By DANA LIEBELSON and BRYAN RAHIJA
Senior government officials are ignoring a White House directive that requires disclosure of key documents in the federal rulemaking process, thus hiding the potential influence of special interests on the writing of government regulations, according to a letter the Project On Government Oversight (POGO) sent yesterday to President Obama.
POGO's concern relates to -- and bear with our wonkiness for a moment -- how the Office of Information and Regulatory Affairs (OIRA) -- the White House office within the Office of Management and Budget (OMB) responsible for reviewing federal regulations that protect public health and safety -- and rulemaking agencies are interpreting Executive Order (EO) 12866.
This EO, issued by President Bill Clinton in 1993, requires OIRA to publicly disclose all documents exchanged between OIRA and the rulemaking agencies during the crafting of new regulations. The EO also requires the rulemaking agency to identify to the public any changes made at the suggestion or recommendation of OIRA. President Obama reaffirmed the EO last year in his own executive order.
POGO readers should care because failure to heed the requirements in this EO could substantially harm the public interest. POGO's letter cites one recent example in which OIRA apparently weakened a final rule on disclosure of conflicts of interest held by researchers who receive funding from the National Institutes of Health (NIH).
Part of the problem, POGO argues, is that OIRA and agencies have flouted these transparency requirements since the 1990s:
The leaders of OMB and OIRA evidently decided long ago that "all" [the documents] means "some" or "none..." OIRA's noncompliance with the transparency requirements of E.O. 12866 was criticized soon after the Executive Order was issued. However, OIRA Administrators have successfully defended their position -- which is to say that they've had their way... Although the language of E.O. 12866 is clear, all three OIRA Administrators have failed to comply with its terms.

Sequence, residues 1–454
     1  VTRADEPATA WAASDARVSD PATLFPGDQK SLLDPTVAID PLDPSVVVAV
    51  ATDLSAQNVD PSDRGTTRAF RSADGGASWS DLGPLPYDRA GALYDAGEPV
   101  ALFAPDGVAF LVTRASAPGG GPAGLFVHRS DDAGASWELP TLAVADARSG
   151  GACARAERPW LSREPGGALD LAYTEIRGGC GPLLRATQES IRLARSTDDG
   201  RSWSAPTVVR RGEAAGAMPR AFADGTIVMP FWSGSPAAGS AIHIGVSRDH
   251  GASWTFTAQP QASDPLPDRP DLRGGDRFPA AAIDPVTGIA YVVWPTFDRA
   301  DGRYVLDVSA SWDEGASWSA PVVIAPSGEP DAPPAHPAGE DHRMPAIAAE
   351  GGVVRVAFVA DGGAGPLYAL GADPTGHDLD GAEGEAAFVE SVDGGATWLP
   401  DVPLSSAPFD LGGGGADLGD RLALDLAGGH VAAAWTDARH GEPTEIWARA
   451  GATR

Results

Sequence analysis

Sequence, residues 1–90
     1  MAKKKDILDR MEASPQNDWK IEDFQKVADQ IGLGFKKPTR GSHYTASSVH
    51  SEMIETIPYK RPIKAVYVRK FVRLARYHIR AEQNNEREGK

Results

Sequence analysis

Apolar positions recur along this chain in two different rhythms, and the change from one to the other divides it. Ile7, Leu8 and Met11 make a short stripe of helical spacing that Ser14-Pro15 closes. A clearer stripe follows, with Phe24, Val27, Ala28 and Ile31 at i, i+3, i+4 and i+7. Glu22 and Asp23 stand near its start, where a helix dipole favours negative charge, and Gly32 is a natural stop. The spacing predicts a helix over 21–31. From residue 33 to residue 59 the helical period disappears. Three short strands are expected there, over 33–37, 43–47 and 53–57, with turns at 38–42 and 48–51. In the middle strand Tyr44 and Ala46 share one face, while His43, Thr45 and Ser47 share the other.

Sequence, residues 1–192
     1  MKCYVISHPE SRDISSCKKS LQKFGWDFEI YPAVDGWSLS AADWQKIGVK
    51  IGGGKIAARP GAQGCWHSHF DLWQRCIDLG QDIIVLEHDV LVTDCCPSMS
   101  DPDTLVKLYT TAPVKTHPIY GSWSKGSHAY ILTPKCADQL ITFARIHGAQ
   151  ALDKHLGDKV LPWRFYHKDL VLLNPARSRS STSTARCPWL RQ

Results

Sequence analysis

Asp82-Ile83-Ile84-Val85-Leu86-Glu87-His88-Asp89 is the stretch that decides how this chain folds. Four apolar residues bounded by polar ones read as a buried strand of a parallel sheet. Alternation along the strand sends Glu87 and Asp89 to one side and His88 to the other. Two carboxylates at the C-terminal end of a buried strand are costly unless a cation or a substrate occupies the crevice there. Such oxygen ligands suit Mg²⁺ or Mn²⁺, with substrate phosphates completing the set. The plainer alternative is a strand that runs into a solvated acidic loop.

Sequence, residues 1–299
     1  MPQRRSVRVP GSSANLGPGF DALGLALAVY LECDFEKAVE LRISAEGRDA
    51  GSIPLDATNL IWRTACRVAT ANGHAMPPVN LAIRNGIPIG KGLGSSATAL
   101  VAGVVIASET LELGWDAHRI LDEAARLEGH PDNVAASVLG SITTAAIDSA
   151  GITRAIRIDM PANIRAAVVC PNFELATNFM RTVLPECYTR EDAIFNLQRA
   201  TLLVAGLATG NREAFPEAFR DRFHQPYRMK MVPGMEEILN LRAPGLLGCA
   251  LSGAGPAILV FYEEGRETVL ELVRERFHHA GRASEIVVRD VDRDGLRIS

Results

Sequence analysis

Just because something has always been done in a certain way, doesn't make it right. It's extremely important for the public to understand what's happening during the rulemaking process.
POGO isn't the first to point out that OIRA's disregard of the EO is hurting the public. The Government Accountability Office (GAO) issued a report in 2003 that found OIRA was failing to uphold the transparency requirements. In a follow-up report in April 2009, the GAO noted that OIRA had failed to implement seven of the eight recommendations that GAO made in its 2003 report.
Unfortunately, Congress has failed to take action. According to the letter, "Because OIRA has followed its narrowed definition of the review process for almost twenty years with occasional complaints from Congress but without serious congressional challenge, OIRA has acquired 'squatters rights' over its prerogative to disclose documents or not."
POGO Staff Scientist Dr. Ned Feder says it's time for the OMB and OIRA to stop operating behind closed doors.
"The officials violating the Executive Order are saying in essence: 'We know what's best for the American public, and we don't have to explain it,'" said Feder. "Special interests may benefit from this secrecy, but the public suffers."
Dana Liebelson is POGO's Beth Daley Communications Fellow. Bryan Rahija edits POGO's blog.
Follow Project On Government Oversight on Twitter: www.twitter.com/pogoblog